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Page:Harvard Law Review Volume 1.djvu/194

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a whole is completed, so that the Courts will enforce the trust which was raised by the notes loaned to serve as a consideration for the grant. Even if the payments had not been made the Courts might hold that a trust had resulted, although they might not enforce it unless the plaintiff should make the payments. In Runnels v. Jackson[1] no payment had been made, and a contract for payment from a certain crop had been broken by the complainant, although a subsequent tender of the money was made by him.

The length to which a Court will go in inferring that a trust results from acts which can mean nothing but a loan is illustrated by that case of Runnels v. Jackson,[1] in which the person who took the grant of the land expressly refused at the time to lend the money to the person for whose benefit be actually took the land and paid the money. Yet the Court held that there was a loan and that a trust resulted.

And the same tendency is peculiarly shown by White v. Sheldon,[2] where a trust was held to result in favor of an attorney who had rendered, was rendering, and continued to render services, before, at, and after the time of the grant of mining land to another who furnished the money for the purpose. Neither of these cases contains the element of notes, but in Runnels v. Jackson the person who was held to be a cestui que trust had not paid anything, and the decree in his favor required him to pay what was held to have been a loan when the trust resulted. In White v. Sheldon the Court speaks of the services of the plaintiff as a part of the consideration, and says, “Equity looks to the consideration, and creates a trust in favor of him who furnishes it, regardless of whether such consideration be money, or labor, or property given in exchange.” But in view of the principle of resulting trusts that the land is affected by the same trusts, if any, which affected the money,[3] and since money was actually spent by the defendant in White v. Sheldon to complete the transaction, which was somewhat complicated, it seems to be clearer to regard the money as in part a loan to the cestui que trust in anticipation of the services by which he was to pay for it. Thus the services which followed the grant resemble the subsequent payment of a note by a cestui que trust. Then if the Court had said enforces instead of “creates,” it would seem to be more correct in describing the effect of the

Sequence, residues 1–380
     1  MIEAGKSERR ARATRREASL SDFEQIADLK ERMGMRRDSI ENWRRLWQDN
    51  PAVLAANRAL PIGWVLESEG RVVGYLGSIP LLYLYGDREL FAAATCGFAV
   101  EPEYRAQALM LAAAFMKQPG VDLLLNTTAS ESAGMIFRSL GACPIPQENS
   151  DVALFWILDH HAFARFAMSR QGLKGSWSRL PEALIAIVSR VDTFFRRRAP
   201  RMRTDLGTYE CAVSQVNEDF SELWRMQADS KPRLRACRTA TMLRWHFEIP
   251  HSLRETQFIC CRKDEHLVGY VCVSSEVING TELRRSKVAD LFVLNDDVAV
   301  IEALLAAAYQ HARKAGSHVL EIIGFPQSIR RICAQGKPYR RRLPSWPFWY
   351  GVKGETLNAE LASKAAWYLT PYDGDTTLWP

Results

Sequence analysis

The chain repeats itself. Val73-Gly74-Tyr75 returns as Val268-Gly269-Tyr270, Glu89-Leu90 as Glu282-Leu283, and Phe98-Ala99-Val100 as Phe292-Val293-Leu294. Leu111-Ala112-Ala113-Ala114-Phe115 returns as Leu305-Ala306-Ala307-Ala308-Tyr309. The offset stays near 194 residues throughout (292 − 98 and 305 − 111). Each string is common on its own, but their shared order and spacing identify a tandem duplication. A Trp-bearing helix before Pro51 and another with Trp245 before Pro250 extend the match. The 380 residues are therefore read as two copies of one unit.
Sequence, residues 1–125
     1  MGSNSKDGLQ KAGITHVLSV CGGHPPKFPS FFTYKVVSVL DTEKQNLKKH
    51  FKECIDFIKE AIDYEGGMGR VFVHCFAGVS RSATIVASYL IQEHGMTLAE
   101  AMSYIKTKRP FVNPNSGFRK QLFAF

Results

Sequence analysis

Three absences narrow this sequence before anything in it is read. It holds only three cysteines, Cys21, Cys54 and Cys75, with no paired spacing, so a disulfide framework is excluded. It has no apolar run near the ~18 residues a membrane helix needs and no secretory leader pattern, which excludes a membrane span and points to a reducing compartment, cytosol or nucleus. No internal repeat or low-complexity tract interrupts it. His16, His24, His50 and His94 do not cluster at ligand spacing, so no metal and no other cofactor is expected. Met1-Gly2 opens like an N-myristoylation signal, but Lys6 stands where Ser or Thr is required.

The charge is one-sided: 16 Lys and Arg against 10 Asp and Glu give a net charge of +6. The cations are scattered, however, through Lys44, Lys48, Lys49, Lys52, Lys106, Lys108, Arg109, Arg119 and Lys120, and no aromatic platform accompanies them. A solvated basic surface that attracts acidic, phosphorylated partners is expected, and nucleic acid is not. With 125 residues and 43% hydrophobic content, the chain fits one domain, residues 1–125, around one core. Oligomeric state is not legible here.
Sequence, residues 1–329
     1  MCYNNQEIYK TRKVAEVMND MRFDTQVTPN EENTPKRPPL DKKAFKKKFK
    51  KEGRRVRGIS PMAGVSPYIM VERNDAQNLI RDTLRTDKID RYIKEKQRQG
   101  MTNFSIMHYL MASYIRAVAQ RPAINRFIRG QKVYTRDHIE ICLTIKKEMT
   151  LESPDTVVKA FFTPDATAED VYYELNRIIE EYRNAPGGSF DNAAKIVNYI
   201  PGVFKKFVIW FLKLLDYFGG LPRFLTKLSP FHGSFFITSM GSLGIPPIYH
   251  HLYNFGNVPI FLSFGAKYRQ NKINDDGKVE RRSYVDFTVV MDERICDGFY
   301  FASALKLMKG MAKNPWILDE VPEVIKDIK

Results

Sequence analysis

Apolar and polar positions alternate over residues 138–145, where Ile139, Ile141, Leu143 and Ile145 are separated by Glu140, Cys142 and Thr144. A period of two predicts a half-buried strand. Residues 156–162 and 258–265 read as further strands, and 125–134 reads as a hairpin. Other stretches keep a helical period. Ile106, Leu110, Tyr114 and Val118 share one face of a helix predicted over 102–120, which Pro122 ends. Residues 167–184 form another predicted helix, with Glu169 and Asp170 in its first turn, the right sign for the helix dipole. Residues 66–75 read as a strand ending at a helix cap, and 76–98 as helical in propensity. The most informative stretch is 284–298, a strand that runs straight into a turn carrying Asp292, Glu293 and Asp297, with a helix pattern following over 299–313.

1. 1.0 1.1 1 How. (Miss.) 358 (1836).
  2. 4 Nev. 280 (1868).
  3. Gibson v. Foote, 40 Miss. 788 (1886).